Preservation League officials will announce the funding at 4:30 p.m. on Wednesday outside the old school. They will meet with Holley Mayor John Kenney and the Landmark Society of Western New York.

The Landmark Society last year named the school to its debut list of “Five to Revive.” The group has been working with the village to draw interest in the school, and line up historic credentials so the property has access to tax incentives.

Built in 1931, the former Holley High School is a strategically located and well-recognized landmark, which occupies a prominent site in the village at the central intersection of Wright and Main streets (NYS Routes 31 & 237), the Landmark Society said in naming the school to the “Five to Revive.”

The school has been vacant for about 20 years. Kenney said developers have shown interest in the site for senior apartments.

The Public Square is in the core of the village and includes a collection of late-nineteenth and early twentieth-century commercial, religious, residential, and educational architecture.


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Petition certified for dissolution vote in Medina

By Tom Rivers, Editor Posted 23 October 2014
MEDINA – “One Medina” has enough signatures to force a vote on dissolution in the Village of Medina.

Village Clerk Debbie Padoleski certified the petitions this morning. Padoleski deemed 371 of 432 signatures turned in last week were valid. She matched the signatures with an eligibility list from the Orleans County Board of Elections. Some signatures were invalid because the addresses of the names didn’t match the list from the Board of Elections.

The 371 is more than enough. To force a referendum, a petition needs 10 percent of the eligible village voters. A petition would need at least 314 valid signatures out of the 3,137 eligible voters.

The Village Board now has up to 30 days to set a vote. That vote must then occur within 60 to 90 days of the board setting the referendum. The board next meets on Monday at 7 p.m. at the Shelby Town Hall.

Village residents David Barhite, Jim Lustumbo and Ed Weider helped gather the signatures and turned the in the petition on Oct. 16.

They want to see less layers of government and reduced taxes for village residents.


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Astorino will address Orleans Republicans on Friday

By Tom Rivers, Editor Posted 23 October 2014
HOLLEY – Rob Astorino, the Republican Party candidate for governor, will be in Orleans County on Friday for the Fall Republican Rally at Hickory Ridge Country Club.

Astorino, the Westchester County executive, trails Gov. Andrew Cuomo in the polls, but Ed Morgan, the Orleans County GOP leader, believes Astorino could still pull off the upset victory. George Pataki was a little known state legislator when he defeated Cuomo’s father, Mario, in 1994.

“He’s ahead in the polls compared to where George Pataki was,” Morgan said this morning.

Morgan sees Republicans making a strong push for Astorino, and also sees Cuomo losing votes to Green Party candidate Howie Hawkins and Michael McDermott of the Libertarian Party.

“The secondary line candidates will pull votes from Cuomo and that will help Rob,” Morgan said.

The GOP candidate for comptroller, Robert E. Antonacci, will also be at the Republican Rally, which begins with a reception at 6 p.m. followed by dinner at 7 p.m. Antonacci is the Onondaga County comptroller. He faces incumbent Tom DiNapoli.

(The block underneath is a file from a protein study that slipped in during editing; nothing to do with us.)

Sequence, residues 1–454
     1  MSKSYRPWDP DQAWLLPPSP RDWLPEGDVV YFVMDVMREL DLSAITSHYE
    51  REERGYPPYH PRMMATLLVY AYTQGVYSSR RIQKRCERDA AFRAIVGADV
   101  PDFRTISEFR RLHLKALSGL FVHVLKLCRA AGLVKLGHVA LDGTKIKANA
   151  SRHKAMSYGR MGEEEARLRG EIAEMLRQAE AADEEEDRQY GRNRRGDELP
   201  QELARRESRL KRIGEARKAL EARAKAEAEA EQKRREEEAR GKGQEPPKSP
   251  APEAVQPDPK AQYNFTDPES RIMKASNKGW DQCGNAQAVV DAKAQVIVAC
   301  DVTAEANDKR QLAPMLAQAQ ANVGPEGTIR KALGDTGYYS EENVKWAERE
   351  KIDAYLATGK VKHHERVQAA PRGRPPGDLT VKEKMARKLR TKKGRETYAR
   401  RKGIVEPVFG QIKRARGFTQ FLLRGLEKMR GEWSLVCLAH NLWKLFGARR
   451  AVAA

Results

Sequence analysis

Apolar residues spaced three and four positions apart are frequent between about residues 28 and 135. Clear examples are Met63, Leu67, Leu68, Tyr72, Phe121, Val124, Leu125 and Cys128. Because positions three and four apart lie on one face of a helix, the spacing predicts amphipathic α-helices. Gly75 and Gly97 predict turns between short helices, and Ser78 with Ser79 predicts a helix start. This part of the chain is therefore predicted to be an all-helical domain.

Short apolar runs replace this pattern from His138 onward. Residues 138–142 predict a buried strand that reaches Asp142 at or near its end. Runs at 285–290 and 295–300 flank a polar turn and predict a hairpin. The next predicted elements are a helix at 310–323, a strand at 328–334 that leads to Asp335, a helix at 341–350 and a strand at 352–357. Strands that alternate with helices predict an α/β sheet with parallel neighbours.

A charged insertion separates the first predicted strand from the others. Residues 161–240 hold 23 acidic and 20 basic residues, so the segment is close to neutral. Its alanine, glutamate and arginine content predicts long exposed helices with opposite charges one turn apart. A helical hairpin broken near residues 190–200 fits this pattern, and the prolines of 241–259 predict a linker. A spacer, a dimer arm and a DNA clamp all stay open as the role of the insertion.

Candidates for State Legislature also are expected to speak at the rally, including Rob Ortt for State Senate and Steve Hawley for State Assembly.

The Republican Party also plans to recognize State Sen. George Maziarz, who is retiring after 19 years in the State Legislature.

For information about tickets to the rally, call Morgan at 732-7270.


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Holley, Kendall have a say in $29M BOCES project

By Tom Rivers, Editor Posted 23 October 2014
SPENCERPORT – The BOCES that serves the Holley and Kendall school districts, as well as seven districts in western Monroe County, is proposing a $29.2 million capitol project.

Residents in the nine-member Monroe 2-Orleans BOCES can vote on the proposal on Dec. 16 at the WEMOCO Educational Services Center. Voting will be from 6 a.m. to 9 p.m. at 3599 Big Ridge Rd.

This would be the first capitol project in 40 years and would include an addition and renovations so the center mirror’s a modern workplace for students in the career and technology program, BOCES leaders said.

The project calls for a 15,200-square-foot addition to the campus. That addition would cost an estimated $9.8 million. The addition will include space for classrooms, a career skills center, and early childhood and preschool programs.

The project also includes $12.3 million in work to the center’s north building, renovating classrooms, replacing rooftop units and exhaust systems, improving plumbing and electrical systems. The south building at the center would also get $6.2 million in upgrades.

There also is $968,500 slated for parking lot reconstruction, with improved bus and traffic flow, upgraded lighting and utilities, drainage and a relocated playground.

The BOCES served an average of 1,067 students each of the past five years with 44 from Kendall and 58 from Holley.

State aid would cover 63.2 percent of the project with member districts covering the remaining 36.8 percent. That share for Holley would be $400,451, while Kendall would pay $320,078.

For more on the project, click here.